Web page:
Making Disciples

There is an interesting article in the Summer 2006 publication of the United Methodist Men’s magazine.  The heading of this article reads:  “Nearly half of U.S. congregations did not receive a member by profession of faith.”  Of course, the article is speaking only of United Methodist congregations, although I remember reading somewhere else that this is true for most Christian denominations.  In this same article, it is reported that Bishop Michael Coyner, president of the General Board of Discipleship, told the Board that this situation, which is steadily growing worse, is causing all kinds of other problems, “including,” he said, “our ability to stand before God and say we are doing a good job in making disciples.”

I suspect the bishop is correct in saying this, and I fear that our own congregation is not doing too well either in terms of living up to our mission statement, i.e., Making Disciples for Jesus Christ.  Although some of you may disagree, this isn’t just me talking.  Our consultant, Tom Bandy said pretty much the same thing in his written report.  Except for one adult baptism that I recall pastor Daniel performed last year, I do not think that we had any other new members by profession of faith.  If this is a good measure of how well we are doing our mission, what then are we doing wrong?  What should we be doing to make disciples?

It seems self-evident to me that, before we can make disciples, we must first be disciples ourselves.  Scripture is pretty clear on what it means to be a disciple.  In the Old Testament, MICAH 6:8 says, “The Lord has told you, human, what is good; He has told you what He wants from you:  to do what is right to other people, love being kind to others, and live humbly, obeying your God.”  In the New Testament, Jesus Himself tells us in MARK 8:34-35, “If anyone would come after me, he must deny himself and take up his cross and follow me.  For whoever wants to save his life will lose it, but whoever loses his life for me and for the gospel will save it.”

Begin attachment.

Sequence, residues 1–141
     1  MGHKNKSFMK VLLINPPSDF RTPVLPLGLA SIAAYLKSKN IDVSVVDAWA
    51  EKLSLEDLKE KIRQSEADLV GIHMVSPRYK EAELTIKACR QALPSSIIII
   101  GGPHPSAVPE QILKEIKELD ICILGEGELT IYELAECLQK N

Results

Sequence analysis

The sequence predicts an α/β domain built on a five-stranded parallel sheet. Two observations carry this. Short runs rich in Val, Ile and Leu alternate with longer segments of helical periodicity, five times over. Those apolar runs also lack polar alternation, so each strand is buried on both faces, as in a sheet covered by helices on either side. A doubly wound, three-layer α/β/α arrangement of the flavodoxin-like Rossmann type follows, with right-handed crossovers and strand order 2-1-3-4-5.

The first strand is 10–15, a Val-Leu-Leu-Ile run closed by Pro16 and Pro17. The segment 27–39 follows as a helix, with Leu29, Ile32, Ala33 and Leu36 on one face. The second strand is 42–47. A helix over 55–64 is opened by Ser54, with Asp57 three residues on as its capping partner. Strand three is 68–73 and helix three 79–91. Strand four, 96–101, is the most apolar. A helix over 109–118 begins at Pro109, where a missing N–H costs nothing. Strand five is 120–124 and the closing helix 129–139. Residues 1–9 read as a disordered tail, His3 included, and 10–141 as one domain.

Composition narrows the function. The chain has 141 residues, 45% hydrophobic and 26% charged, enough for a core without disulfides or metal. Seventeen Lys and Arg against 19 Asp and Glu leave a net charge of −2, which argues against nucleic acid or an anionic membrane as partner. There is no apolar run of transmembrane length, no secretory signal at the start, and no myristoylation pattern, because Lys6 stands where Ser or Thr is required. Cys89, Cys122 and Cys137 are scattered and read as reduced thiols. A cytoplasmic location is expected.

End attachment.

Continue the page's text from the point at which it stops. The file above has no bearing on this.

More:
Hmmm… deny himself.  OUCH!

Alright, let’s say, just for the sake of argument, that I do deny myself and that I do take up my cross daily.  Although I admittedly have much room to grow in this regard, let’s say that I am a disciple, even if only a fledgling one.  How do I begin making other disciples?  What does the Bible say about this?

Well, the most obvious reference that I’ve found is in MATTHEW 28:19-20, “Go therefore and make disciples of all the nations, baptizing them in the name of the Father and of the Son and of the Holy Spirit, teaching them to observe all things that I have commanded you; and lo, I am with you always, even to the end of the age.”

Go, therefore, and make disciples…  baptizing them… teaching them.  Hmmm… Sounds a lot like evangelism to me, something that most of us would say that we’re not very good at doing.  Of course, we do have to leave the baptizing to our clergy, but the other we can do, we can teach.  And what’s the best way to teach?  Why, by example, of course.

Making disciples, I believe, is pretty much like assuming the responsibilities of being a parent.  What I remember about that is this:

  • Until they learn to feed themselves, we must make sure they are fed.
  • We teach them how to feed themselves as soon as possible.
  • If they get into trouble, we help them — even if it is inconvenient, because they are, after all, our top priority.
  • We train them to do what they need to do.
  • We teach them what we know.
  • We protect them from danger until they can protect themselves.
  • Last but most important, we spend time with them, because people do learn best by example.

Our goal, in making disciples, is to eventually reproduce ourselves, assuming, of course that we are already mature, adult disciples ourselves.  We produce other believers who can stand, as we do, on our own, and reproduce themselves.  Of course, few of us individually have the opportunity to be in such close relationships with others.  We touch others briefly, then we go our separate ways.  Few of us too ever get a chance to be involved in the whole process, or to even see the harvest.  All we get to do is plant seeds here and there, cultivate the soil now and again, cast a little fertilizer or give a little drink.  It does take a village, after all.  And Church of the Disciple is a village.